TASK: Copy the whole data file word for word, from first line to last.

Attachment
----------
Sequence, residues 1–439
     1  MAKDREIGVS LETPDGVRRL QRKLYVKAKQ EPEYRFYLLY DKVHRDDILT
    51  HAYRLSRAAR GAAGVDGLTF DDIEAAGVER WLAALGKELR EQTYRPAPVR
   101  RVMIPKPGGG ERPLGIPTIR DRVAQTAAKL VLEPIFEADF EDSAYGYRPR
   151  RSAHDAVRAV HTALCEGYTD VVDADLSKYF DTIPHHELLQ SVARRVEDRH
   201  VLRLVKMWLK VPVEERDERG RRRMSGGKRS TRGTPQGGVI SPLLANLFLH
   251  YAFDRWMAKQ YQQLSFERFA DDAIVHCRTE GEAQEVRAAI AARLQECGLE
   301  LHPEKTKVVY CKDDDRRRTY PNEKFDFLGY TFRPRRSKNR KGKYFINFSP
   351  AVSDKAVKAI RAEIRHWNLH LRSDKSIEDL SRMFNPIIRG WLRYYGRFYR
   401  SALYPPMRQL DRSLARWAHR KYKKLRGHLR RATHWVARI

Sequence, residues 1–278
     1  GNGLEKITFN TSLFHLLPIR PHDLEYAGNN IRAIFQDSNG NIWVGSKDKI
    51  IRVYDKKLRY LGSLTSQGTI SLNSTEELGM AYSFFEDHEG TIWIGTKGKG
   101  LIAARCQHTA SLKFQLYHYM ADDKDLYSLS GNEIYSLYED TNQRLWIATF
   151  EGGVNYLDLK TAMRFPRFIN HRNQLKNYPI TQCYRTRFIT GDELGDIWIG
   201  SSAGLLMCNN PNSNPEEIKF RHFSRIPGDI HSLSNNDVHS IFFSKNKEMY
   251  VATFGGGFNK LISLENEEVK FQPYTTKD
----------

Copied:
Sequence, residues 1–439
     1  MAKDREIGVS LETPDGVRRL QRKLYVKAKQ EPEYRFYLLY DKVHRDDILT
    51  HAYRLSRAAR GAAGVDGLTF DDIEAAGVER WLAALGKELR EQTYRPAPVR
   101  RVMIPKPGGG ERPLGIPTIR DRVAQTAAKL VLEPIFEADF EDSAYGYRPR
   151  RSAHDAVRAV HTALCEGYTD VVDADLSKYF DTIPHHELLQ SVARRVEDRH
   201  VLRLVKMWLK VPVEERDERG RRRMSGGKRS TRGTPQGGVI SPLLANLFLH
   251  YAFDRWMAKQ YQQLSFERFA DDAIVHCRTE GEAQEVRAAI AARLQECGLE
   301  LHPEKTKVVY CKDDDRRRTY PNEKFDFLGY TFRPRRSKNR KGKYFINFSP
   351  AVSDKAVKAI RAEIRHWNLH LRSDKSIEDL SRMFNPIIRG WLRYYGRFYR
   401  SALYPPMRQL DRSLARWAHR KYKKLRGHLR RATHWVARI

Sequence, residues 1–278
     1  GNGLEKITFN TSLFHLLPIR PHDLEYAGNN IRAIFQDSNG NIWVGSKDKI
    51  IRVYDKKLRY LGSLTSQGTI SLNSTEELGM AYSFFEDHEG TIWIGTKGKG
   101  LIAARCQHTA SLKFQLYHYM ADDKDLYSLS GNEIYSLYED TNQRLWIATF
   151  EGGVNYLDLK TAMRFPRFIN HRNQLKNYPI TQCYRTRFIT GDELGDIWIG
   201  SSAGLLMCNN PNSNPEEIKF RHFSRIPGDI HSLSNNDVHS IFFSKNKEMY
   251  VATFGGGFNK LISLENEEVK FQPYTTKD